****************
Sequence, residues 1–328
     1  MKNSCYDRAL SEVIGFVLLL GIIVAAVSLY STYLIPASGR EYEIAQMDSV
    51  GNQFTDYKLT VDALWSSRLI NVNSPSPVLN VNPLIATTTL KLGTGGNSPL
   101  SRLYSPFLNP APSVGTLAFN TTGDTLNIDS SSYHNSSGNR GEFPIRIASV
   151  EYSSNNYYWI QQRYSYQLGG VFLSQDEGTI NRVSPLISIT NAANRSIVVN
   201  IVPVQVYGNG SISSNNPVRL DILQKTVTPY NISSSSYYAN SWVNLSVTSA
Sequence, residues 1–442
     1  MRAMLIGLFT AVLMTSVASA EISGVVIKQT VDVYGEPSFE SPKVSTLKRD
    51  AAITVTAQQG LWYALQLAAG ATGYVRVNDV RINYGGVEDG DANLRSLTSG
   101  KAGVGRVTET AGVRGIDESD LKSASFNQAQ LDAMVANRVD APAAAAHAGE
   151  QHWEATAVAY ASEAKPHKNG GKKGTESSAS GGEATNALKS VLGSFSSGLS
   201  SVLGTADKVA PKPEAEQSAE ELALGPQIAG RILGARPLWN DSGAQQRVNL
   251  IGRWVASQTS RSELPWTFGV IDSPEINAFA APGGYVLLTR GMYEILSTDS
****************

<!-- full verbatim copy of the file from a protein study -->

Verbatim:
Sequence, residues 1–328
     1  MKNSCYDRAL SEVIGFVLLL GIIVAAVSLY STYLIPASGR EYEIAQMDSV
    51  GNQFTDYKLT VDALWSSRLI NVNSPSPVLN VNPLIATTTL KLGTGGNSPL
   101  SRLYSPFLNP APSVGTLAFN TTGDTLNIDS SSYHNSSGNR GEFPIRIASV
   151  EYSSNNYYWI QQRYSYQLGG VFLSQDEGTI NRVSPLISIT NAANRSIVVN
   201  IVPVQVYGNG SISSNNPVRL DILQKTVTPY NISSSSYYAN SWVNLSVTSA
Sequence, residues 1–442
     1  MRAMLIGLFT AVLMTSVASA EISGVVIKQT VDVYGEPSFE SPKVSTLKRD
    51  AAITVTAQQG LWYALQLAAG ATGYVRVNDV RINYGGVEDG DANLRSLTSG
   101  KAGVGRVTET AGVRGIDESD LKSASFNQAQ LDAMVANRVD APAAAAHAGE
   151  QHWEATAVAY ASEAKPHKNG GKKGTESSAS GGEATNALKS VLGSFSSGLS
   201  SVLGTADKVA PKPEAEQSAE ELALGPQIAG RILGARPLWN DSGAQQRVNL
   251  IGRWVASQTS RSELPWTFGV IDSPEINAFA APGGYVLLTR GMYEILSTDS